In This Article Expand or collapse the "in this article" section Clothing

  • Introduction
  • General Overviews
  • Reference Works
  • Journals
  • Europe
  • South America and Hispanic America
  • Africa
  • African Diaspora
  • Shopping and Consumption
  • Making, Maintenance, and Trade
  • Textiles
  • Asia in the Atlantic

Atlantic History Clothing
Sophie White
  • LAST REVIEWED: 19 December 2012
  • LAST MODIFIED: 19 December 2012
  • DOI: 10.1093/obo/9780199730414-0028


The study of clothing offers a distinctive methodological approach to understanding the Atlantic world. It engages with key questions such as the movement of people—and of things—around the Atlantic (as well as between the Atlantic and the wider world). It also offers an especially rich means of uncovering the lived experiences of inhabitants of the Atlantic basin through their projection of a visual and three-dimensional expression of identity. Because the history of dress as an academic discipline first developed in Europe as an offshoot of art history, readers will note a preponderance of scholarship on Europe, especially England. As this interdisciplinary field has expanded to encompass approaches from the social sciences and humanities, and reflecting the interest in Atlantic studies, the focus of dress history has expanded immeasurably to address topics such as the construction of gender and of race in colonial contexts. Indeed, in its broadest definition, dress encompasses apparel, accessories, hairstyling, even tattoos, and everyone—not simply those who have left us documentary sources for writing the history of the Atlantic world—wore some form of dress. The analysis of clothing is therefore especially valuable in illuminating the lives of the nonliterate and the colonized. Finally, because clothing is a form of material culture, it is highly recommended that readers consult the Oxford Bibliographies article on Material Culture.

General Overviews

There are no general surveys per se of clothing in the Atlantic world, but a number of texts provide useful overviews of dress in discrete segments of the Atlantic (e.g., Baumgarten 2002, Loren 2010, and Wass and Fandrich 2010 for North America; Bouttiaux 2008 for Africa; Ribeiro 2002, Roche 1994, and Styles 2007 for Europe), with Ross 2008 offering a valuable global history of dress.

  • Baumgarten, Linda. What Clothes Reveal: The Language of Clothing in Colonial and Federal America. New Haven, CT: Yale University Press, 2002.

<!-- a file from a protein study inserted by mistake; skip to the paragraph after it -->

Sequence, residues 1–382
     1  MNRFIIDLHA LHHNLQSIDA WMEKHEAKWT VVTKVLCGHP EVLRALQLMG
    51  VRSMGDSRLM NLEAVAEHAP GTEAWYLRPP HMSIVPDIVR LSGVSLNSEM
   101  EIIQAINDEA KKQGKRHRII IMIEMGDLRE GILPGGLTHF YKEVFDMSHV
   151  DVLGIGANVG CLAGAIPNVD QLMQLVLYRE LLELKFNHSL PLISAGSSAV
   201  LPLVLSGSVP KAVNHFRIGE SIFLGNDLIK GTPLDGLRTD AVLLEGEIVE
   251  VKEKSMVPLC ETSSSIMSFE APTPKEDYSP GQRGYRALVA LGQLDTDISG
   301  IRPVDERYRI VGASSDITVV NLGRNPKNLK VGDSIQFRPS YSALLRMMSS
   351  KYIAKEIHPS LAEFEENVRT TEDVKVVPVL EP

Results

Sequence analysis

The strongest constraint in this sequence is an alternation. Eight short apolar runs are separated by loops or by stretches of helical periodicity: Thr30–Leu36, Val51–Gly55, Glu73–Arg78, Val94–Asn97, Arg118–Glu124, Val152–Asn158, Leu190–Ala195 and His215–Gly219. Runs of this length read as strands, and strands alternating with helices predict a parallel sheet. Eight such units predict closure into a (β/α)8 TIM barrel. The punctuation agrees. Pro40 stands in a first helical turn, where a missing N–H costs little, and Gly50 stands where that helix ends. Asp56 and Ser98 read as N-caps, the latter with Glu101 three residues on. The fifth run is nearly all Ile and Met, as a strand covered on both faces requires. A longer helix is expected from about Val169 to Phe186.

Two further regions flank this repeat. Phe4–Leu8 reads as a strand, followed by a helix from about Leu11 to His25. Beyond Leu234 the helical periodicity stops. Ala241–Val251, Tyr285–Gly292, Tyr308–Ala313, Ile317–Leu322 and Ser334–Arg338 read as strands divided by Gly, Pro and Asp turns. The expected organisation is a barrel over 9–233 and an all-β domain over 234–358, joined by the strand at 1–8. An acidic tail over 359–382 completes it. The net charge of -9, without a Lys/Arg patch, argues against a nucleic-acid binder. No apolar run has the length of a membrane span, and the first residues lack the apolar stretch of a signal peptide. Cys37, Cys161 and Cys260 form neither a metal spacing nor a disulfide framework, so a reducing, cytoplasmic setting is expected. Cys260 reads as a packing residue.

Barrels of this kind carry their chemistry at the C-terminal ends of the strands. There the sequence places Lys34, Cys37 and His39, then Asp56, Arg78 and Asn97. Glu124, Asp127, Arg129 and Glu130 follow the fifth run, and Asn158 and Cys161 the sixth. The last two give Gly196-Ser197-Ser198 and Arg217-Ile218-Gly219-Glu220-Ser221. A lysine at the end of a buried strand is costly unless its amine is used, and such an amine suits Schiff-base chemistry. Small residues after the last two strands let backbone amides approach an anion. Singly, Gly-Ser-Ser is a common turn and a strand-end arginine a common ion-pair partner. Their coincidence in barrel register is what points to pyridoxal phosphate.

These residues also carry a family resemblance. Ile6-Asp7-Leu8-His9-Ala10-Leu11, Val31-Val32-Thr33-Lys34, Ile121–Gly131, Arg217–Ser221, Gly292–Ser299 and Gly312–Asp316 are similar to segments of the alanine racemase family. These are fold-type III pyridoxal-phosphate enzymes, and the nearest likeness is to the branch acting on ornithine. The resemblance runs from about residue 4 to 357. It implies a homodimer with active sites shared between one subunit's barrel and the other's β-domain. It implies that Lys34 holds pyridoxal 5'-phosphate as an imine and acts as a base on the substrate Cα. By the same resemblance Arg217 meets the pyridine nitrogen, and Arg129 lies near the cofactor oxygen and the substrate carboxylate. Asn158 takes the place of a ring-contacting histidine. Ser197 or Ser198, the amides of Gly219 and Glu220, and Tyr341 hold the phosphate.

The best general overview of dress in British early America, incorporating surviving dress (from the collections of Colonial Williamsburg) as well as visual images and written sources. Researched and written by the costume curator at Colonial Williamsburg, the volume is especially useful in its attention to topics such as slave dress; homespun, common dress; and the dress worn during life passages.

  • Bouttiaux, Anne-Marie, Frieda Sorber, and Anne van Cutsem. African Costumes and Textiles from the Berbers to the Zulus: The Zaira and Marcel Mis Collection. Milan: 5 Continents Editions, 2008.

    Essays that explore cloth and clothing from different regions of Africa and across a range of historical periods.

  • Loren, Diana DiPaolo. The Archaeology of Clothing and Bodily Adornment in Colonial America. Gainesville: University Press of Florida, 2010.

    The only overview of clothing in archaeological finds in North America and one that builds on the author’s many articles on aspects of archaeological clothing.

  • Ribeiro, Aileen. Dress in Eighteenth-Century Europe, 1751–1789. Rev. ed. New Haven, CT: Yale University Press, 2002.

    The best analysis of dress in different parts of Europe in the 18th century by a leading historian of dress history, predominantly focused on elite fashion and drawing on a wide variety of visual and written sources.

  • Roche, Daniel. The Culture of Clothing: Dress and Fashion in the Ancien Régime. Translated by Jean Birrell. Cambridge, UK: Cambridge University Press, 1994.

    A major piece of scholarship on the cultural importance of dress, anchored by the assessment of changes in fashion consumption over the course of the 18th century in Paris, by social rank and occupation. Originally published as La culture des apparences: Une histoire du vêtement, XVIIe–XVIIIe siècle (Paris: Fayard, 1989).

  • Ross, Robert. Clothing: A Global History. Cambridge, UK: Polity, 2008.

    A sweeping survey of the influence of Europe on dress around the world, with much coverage of Atlantic regions in the early modern period and drawing on extensive knowledge of the best scholarly literature on dress history.

  • Styles, John. The Dress of the People: Everyday Fashion in Eighteenth-Century England. New Haven, CT: Yale University Press, 2007.

    The most significant work published to date on non-elite dress; very thorough, drawing on a sweeping range of hitherto underexplored primary sources, and methodologically innovative.

  • Wass, Ann Buermann, and Michelle Webb Fandrich. Clothing through American History: The Federal Era through Antebellum, 1786–1860. Santa Barbara, CA: Greenwood, 2010.

    A mostly reliable descriptive survey of dress in the early republic and antebellum periods.

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